Not sure how to get started? We suggest checking out Lomography’s 10 Golden Rules of photography. This list of habits and mindsets are an excellent way to start greasing the wheels of a daily photo routine. The company’s mantra of “don’t think, just shoot” is a great mindset to carry with you as you venture out into the world each day. And if you need more specific ideas for your new photo-taking itinerary, the Dogwood 52 Week Photography Challenge offers a list of photo assignments and creative prompts that you can print out and take with you for inspiration.

Do Some Digital Spring Cleaning 

This year, start your spring cleaning early, but don’t limit it to decluttering the garage and the living room. Focus on the family media archives as well. Carve out some time to digitize old analog media like photo prints and 35mm slides, as well back up and organize the digital files sitting on hard drives – or, even worse, still lingering on your phone’s camera roll. 

The first – and arguably most urgent – order of business is digitizing the analog stuff before it’s gone forever. You can scan your photos at home or just send everything to the media-digitizing service and Fracture brand partner Legacybox and them handle it for you. Mail your VHS tapes, photos, and slides, and they’ll create high-quality digital files of all your cherished memories. 

Whether you tackle the boxes of family photos in the attic, reorganize your external hard drives, or upload your photos to the cloud, start the year off with a task that replaces clutter with peace of mind.

Put Down Your Phone — And Let Your Mind Wander 

Creativity flourishes when it has a place to grow. Very rarely do our best ideas come while scrolling on our phones. Inspiration grabs hold when our minds aren’t distracted — when we let our minds wander. The trick is giving your brain the opportunity to explore and think things through, without distraction. This is one of the reasons people often feel inspired when they’re in the shower or while driving. 

Daydreaming is just one of many ways our brains continually work to find answers and solutions to problems. Get in the habit of spending time without an electronic device on-hand. Digital distractions dramatically reduce your creativity as a whole, from thinking creatively to finding solutions to complex problems. Over time, it will get easier to turn off the television and get swept up in a new creative endeavor.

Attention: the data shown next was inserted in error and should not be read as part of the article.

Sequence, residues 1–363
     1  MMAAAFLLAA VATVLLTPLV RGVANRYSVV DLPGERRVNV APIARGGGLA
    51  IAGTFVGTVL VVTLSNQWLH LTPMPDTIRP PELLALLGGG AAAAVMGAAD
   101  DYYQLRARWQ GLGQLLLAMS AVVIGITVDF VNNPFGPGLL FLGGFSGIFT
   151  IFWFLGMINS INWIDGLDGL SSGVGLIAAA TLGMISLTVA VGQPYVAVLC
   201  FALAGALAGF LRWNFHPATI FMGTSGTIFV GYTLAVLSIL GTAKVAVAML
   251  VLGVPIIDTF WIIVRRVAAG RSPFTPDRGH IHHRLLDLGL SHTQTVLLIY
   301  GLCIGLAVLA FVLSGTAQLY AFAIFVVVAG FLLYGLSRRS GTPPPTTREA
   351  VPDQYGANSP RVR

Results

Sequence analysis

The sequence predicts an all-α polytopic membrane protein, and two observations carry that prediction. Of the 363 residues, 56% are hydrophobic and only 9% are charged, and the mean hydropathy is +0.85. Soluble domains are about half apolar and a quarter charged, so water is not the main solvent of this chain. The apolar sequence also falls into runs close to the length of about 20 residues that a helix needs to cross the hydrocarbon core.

Make Time For Naps 

There’s a reason great ideas seem to come to you in the middle of the night. Sleeping on it, quite literally, gives your mind the chance to do some critical thinking. When you enter the deepest REM cycle of sleep, science shows, your brain is able to process thoughts more clearly and think more creatively while you’re awake. 

By all means, strive to get the recommended amount of sleep each night, but don’t be shy about getting some shuteye while the sun is still out, too. Research shows that napping has all kinds of cognitive benefits, like better learning, emotional regulation, and impulse control, to name a few. It’s no wonder many big companies have dedicated nap rooms so employees can get some extra sleep.

However you approach the new year, give yourself the freedom to try out new habits and practices, and stick with the ones that foster creativity. Pick a few that you’ll be able to do consistently and that seem to have the most impact. The right side of your brain will thank you for it.

About The Author

Emily Morita

Emily is a Senior Copywriting Specialist at Fracture. When she’s not traveling — or dreaming of traveling — you can find her reading at the beach. She’s a fan of musicals, talking in the third person, and Oxford commas.